When these techniques are used to deenergize piping, a method to identify each authorized employee participating in the project must be in place. For example, each authorized employee can attached his tag on the blank flange or the slip blind when he starts work and remove it when he is finished. The use of a single master tag with provision for individuals to sign in and out as they begin and end their work is also acceptable.
Extent of the lockout
An entire process may not need to be locked out when a repair is done to only a portion of the equipment.
An OSHA letter of interpretation dated November 10, 1999, notes that the extent of lockout procedures would depend on the employees’ activities and their exposure to the hazards. The letter includes the following:
“The extent to which an employer must control hazardous energy depends upon the type of servicing or maintenance work being performed, as well as the type and magnitude of the energy. For example, a hydraulic pump overhaul or the removal of a hydraulic line is much different, and requires different energy control procedures, than working on a piece of equipment that is powered by the hydraulic system. Also, working on the 220/440 volt, nominal, electrical motor is different than working on either the hydraulic system or the equipment powered by the hydraulics.
“In some operations, the movement of a simple throw disconnect switch to the ‘off’ mode is a step sufficient to isolate the machine... In other cases, a series of predetermined steps may be necessary to achieve an orderly shutdown of a machine or piece of equipment in order to safely perform the servicing or maintenance work. This would be the case for the hydraulic pump overhaul or hydraulic line maintenance tasks.
“The employer should perform hazardous energy analyses of the workplace equipment and/or machinery to determine the specific procedures for the control of potentially hazardous energy when employees are performing servicing and maintenance activities covered by the standard. This is a prerequisite shutdown preparation step, described in §1910.147(d)(1), which requires authorized employees to have knowledge concerning the type and magnitude of the energy, the hazards associated with the energy to be controlled, and the methods or means to control the energy prior to shutting off the machine or equipment for servicing and/or maintenance activities.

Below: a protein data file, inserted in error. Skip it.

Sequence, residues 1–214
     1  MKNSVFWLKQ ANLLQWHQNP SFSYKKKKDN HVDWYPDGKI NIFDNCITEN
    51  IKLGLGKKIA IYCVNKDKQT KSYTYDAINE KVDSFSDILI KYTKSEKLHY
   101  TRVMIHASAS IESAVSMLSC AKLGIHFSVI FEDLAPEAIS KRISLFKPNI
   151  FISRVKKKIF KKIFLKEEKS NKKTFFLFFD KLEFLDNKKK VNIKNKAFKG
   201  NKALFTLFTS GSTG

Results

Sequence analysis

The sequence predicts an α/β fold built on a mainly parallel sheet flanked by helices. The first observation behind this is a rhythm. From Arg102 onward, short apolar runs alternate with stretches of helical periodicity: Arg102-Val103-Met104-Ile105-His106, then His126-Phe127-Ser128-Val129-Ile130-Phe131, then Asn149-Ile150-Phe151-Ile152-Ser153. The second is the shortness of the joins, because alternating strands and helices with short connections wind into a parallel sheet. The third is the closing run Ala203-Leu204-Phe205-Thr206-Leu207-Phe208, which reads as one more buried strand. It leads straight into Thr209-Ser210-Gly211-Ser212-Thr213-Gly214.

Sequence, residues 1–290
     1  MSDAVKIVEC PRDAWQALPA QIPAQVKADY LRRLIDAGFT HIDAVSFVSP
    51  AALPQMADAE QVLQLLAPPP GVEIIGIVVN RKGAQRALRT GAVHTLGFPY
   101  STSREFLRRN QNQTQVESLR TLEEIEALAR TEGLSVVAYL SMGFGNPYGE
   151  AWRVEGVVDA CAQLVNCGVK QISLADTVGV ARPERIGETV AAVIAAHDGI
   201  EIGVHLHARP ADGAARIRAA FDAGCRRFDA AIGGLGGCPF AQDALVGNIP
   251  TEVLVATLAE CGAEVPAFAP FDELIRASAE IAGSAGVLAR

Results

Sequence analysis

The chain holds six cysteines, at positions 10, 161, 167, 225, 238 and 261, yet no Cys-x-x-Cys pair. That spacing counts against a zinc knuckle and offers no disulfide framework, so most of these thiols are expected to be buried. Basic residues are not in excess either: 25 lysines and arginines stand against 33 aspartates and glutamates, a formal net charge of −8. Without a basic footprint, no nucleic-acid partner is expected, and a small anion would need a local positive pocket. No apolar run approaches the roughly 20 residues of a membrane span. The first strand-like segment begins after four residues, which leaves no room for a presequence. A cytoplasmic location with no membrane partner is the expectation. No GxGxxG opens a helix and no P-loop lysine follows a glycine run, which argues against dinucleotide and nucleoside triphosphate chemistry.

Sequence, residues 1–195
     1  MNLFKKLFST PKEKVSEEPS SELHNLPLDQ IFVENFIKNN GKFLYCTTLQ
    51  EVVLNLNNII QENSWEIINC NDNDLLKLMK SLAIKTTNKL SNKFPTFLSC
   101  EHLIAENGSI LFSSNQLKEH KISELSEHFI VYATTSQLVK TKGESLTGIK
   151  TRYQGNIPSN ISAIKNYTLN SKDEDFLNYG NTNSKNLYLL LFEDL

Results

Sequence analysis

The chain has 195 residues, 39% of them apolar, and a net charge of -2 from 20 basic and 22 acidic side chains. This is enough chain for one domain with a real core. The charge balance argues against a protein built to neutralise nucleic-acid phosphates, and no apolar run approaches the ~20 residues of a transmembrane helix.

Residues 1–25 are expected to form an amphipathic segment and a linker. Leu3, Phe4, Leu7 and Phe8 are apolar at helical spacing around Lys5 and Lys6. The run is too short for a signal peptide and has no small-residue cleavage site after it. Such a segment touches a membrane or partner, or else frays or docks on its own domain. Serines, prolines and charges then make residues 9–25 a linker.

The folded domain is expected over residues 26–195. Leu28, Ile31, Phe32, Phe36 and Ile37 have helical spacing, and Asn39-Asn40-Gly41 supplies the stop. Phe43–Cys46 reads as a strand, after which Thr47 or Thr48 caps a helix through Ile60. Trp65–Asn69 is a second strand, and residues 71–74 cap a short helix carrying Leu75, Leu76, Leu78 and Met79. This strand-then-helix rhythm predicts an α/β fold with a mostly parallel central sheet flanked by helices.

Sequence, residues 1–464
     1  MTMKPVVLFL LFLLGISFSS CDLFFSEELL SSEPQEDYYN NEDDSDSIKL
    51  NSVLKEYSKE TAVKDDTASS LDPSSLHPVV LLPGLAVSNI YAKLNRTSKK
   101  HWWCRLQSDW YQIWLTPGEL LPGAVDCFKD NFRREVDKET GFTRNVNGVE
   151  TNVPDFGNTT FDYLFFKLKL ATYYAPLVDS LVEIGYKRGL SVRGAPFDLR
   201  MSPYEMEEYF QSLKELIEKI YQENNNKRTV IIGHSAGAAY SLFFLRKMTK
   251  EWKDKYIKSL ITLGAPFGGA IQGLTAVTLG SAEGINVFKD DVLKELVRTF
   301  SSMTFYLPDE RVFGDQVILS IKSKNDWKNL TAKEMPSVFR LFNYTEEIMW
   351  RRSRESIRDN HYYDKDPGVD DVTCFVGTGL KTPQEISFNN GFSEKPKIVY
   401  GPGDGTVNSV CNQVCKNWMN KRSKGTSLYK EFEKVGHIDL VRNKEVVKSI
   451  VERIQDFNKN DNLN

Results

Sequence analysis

“Question #2: If an employer secures the system motor (by service panel lockout) against unauthorized or accidental use and no energy hazards related specifically to the hydraulic system are known to exist, does OSHA commonly accept this as adequate lockout protection?
“Reply: Yes, but only if all of the provisions of the lockout/tagout standard, §1910.147, are met and all hazardous energy sources are effectively controlled. Whether a hydraulic pump and motor is effectively locked or tagged out will have to be determined on a case-by-case basis by the employer, who is ultimately responsible for the safety of employees.”
OSHA expects the employer to take whatever steps are necessary to isolate the equipment from the energy sources to the extent necessary so that authorized employees are not at risk of injury.
Each lockout/tagout event presents unique scenarios related to employee involvement, the need to protect from sudden releases from piping systems, and the portion of the process that must be deenergized during the job. Employers should take the time to evaluate the hazards whenever any service, maintenance, or repairs are scheduled.